In CFAI#2 there’s a question on a company that has negative EPS one year, so we are asked to find out “… the most appropriate estimate of P/E ratio.” They solved the question by finding the average ROE for the past 3yrs, multiplied by BVPS, then got the P/E ratio…! Is it me, or would that be impossible to think up of during an exam… Has anyone else come across similar out-of-the-box thinking calculation questions?
Are you sure that you have the question right?
I probably wouldn’t have figured that out, you’re right. However, it makes sense considering … BVPS = (Total equity - preferred) / (outstanding) and ROE = NI / (Total equity) //or maybe return on common equity… The equity cancels out (see note above on preferred) and you’re left with NI / outstanding Which looks a lot like EPS, especially if you pull out preferred. That’s a pretty good party trick.
yep, you can get negative EPSs. It’s Q42 in CFAI#2 Answers say: “Using average ROE provides a better estimate of P/E when a company’s size has changed. The average ROE is 9.25; an estimate of normal EPS can be derived by multiplying avg ROE by ending BVPS”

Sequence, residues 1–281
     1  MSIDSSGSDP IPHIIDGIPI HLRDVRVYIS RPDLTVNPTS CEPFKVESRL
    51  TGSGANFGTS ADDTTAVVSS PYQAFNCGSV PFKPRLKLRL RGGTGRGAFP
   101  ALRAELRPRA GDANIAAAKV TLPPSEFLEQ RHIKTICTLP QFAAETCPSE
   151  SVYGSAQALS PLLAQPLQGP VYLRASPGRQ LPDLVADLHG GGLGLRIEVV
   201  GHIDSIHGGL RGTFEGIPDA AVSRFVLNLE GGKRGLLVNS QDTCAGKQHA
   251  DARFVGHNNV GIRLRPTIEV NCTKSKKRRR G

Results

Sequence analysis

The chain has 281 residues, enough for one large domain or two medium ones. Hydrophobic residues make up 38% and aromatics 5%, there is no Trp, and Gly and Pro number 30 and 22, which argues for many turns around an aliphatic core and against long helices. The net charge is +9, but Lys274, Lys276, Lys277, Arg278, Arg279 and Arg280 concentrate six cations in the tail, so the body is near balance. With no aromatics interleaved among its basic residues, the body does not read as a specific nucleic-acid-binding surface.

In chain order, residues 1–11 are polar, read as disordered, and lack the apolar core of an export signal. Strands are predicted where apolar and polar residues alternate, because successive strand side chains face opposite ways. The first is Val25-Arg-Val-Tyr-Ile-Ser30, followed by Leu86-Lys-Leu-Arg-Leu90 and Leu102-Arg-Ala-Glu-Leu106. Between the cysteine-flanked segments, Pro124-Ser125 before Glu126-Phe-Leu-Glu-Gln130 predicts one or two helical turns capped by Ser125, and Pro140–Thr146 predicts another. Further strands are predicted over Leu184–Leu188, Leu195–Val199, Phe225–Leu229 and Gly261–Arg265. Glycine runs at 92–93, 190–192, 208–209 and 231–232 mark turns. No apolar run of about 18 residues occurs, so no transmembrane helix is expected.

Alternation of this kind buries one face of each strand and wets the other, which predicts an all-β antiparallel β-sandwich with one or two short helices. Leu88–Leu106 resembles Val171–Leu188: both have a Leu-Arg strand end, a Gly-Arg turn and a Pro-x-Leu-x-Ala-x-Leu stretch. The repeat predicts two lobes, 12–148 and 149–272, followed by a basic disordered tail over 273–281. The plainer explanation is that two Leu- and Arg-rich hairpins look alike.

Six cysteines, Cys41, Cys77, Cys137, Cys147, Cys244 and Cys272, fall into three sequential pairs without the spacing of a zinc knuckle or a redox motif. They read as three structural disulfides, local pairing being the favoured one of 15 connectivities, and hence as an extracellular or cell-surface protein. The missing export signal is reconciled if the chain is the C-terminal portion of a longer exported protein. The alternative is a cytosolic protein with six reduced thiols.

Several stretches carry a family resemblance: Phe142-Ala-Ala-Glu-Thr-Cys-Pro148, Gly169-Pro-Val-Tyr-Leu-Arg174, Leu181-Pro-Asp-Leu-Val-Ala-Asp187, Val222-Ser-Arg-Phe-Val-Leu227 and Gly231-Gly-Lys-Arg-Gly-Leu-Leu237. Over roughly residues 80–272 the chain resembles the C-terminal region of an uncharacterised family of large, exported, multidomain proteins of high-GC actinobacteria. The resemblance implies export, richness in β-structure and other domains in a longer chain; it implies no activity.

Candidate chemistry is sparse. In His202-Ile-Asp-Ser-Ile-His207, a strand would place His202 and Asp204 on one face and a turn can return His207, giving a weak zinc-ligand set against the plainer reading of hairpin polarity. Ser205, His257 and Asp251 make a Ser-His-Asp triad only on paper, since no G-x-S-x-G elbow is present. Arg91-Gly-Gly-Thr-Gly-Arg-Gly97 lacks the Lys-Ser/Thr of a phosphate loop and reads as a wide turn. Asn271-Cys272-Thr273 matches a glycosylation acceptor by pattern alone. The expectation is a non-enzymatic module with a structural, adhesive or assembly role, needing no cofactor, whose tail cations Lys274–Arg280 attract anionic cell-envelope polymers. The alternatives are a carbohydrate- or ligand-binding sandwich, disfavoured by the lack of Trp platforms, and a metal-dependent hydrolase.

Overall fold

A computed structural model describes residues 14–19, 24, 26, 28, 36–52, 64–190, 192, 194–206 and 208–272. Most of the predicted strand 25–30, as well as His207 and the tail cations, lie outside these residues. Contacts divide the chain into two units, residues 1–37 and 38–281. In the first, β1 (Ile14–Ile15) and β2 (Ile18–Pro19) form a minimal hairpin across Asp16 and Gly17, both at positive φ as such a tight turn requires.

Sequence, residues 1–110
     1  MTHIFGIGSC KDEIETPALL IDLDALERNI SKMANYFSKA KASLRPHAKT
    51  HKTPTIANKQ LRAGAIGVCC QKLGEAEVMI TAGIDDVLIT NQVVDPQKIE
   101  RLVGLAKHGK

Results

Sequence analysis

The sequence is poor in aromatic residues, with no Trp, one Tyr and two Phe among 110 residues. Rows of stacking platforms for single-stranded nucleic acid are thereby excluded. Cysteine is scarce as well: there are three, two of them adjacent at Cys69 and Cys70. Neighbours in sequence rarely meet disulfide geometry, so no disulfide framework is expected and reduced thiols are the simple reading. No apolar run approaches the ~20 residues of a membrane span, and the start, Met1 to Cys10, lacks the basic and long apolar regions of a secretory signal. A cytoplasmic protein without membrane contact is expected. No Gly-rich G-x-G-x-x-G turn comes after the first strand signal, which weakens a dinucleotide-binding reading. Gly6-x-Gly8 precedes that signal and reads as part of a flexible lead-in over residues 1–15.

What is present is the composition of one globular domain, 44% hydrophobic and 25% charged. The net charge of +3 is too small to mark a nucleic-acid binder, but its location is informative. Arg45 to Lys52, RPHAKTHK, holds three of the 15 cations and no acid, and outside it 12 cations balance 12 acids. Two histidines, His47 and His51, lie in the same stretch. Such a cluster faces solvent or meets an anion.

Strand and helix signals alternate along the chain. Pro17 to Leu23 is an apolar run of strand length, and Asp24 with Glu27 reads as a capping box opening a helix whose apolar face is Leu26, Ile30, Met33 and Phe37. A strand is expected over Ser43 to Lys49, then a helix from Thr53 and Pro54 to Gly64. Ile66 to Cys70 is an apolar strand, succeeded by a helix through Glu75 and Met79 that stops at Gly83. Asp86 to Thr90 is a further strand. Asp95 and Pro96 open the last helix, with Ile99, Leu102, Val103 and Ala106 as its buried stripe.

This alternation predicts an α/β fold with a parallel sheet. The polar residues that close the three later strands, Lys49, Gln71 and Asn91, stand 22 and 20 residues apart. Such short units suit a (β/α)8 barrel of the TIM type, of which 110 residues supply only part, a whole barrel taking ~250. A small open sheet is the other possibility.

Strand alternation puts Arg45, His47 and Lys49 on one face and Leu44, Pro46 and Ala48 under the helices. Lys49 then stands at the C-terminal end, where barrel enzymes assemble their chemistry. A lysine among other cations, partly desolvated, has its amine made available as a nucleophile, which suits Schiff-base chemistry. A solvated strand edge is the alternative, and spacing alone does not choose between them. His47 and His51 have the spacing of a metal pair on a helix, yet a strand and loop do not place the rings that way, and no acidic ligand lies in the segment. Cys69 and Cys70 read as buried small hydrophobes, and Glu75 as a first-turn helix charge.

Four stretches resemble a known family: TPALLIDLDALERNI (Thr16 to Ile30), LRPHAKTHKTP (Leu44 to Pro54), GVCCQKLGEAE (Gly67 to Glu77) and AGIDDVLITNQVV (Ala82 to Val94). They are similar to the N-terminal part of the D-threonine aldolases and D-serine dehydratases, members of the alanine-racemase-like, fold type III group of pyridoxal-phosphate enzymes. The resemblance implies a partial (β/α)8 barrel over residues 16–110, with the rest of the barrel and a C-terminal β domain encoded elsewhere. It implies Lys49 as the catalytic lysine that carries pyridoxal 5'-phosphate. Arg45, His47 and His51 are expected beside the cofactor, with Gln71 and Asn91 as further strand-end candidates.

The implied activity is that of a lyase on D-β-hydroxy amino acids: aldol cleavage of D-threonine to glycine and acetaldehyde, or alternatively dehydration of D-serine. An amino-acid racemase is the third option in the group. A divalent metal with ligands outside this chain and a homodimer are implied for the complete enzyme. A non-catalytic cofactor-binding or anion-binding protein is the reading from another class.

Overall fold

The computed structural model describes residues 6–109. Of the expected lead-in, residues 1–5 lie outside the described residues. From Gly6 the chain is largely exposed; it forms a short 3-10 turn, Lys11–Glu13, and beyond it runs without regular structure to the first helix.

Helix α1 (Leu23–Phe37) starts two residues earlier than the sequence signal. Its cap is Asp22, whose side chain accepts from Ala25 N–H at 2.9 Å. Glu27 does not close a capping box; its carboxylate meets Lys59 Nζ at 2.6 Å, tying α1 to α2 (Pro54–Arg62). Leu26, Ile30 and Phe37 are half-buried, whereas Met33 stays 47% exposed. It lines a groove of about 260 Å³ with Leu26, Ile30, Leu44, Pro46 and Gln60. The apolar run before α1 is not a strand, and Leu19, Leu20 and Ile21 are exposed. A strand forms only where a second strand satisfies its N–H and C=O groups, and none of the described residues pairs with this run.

The curriculum notes state that negative earnings result in a meaningless P/E ratio (i.e. N/A), therefore I imagine they would not throw this sort of curve ball on the exam.
agree with Zeroaffinity on that; it took me took a few mins to set out the ratios logically to come to that conclusion. party trick indeed just when i thought I hd fully covered financial ratios as well…
wouldn’t that formula lead basically to an average of the last 3 year’s reults per share?
P/E’s are used for comparison purposes with competitors and industry benchmarks. A negative P/E, cannot be meaningfully interpreted relative to its peers. These types of questions are meant to sow panic and confusion…
I think this kinda shows that CFAI really do have an approach that’s: - heavy on the Ethics (one of the Schweser profs said during the Office Hr yday that if you are a 69%-70% borderline case, they will probably use Ethics to decide whether you pass or not) - light on the very very complex options questions that Schweser has shown us - and for willing to ask us questions where we may have to play around with basic FSA formulae (rather than just plugging in numbers into formulas) – these look like they’ll give us the exta 5-7%
yeh i was stuck on that exact same question last nite… at least i’ve seen it and had a think about it before the real exam though… but yeh, i had absolutely NO IDEA how to solve that one
Yes. Remember this. It is indeed in the CFAI book. You averaged out all the positive ROE and multiply by book value per share. This give you earning per share. Then price / earning per share to get P/E.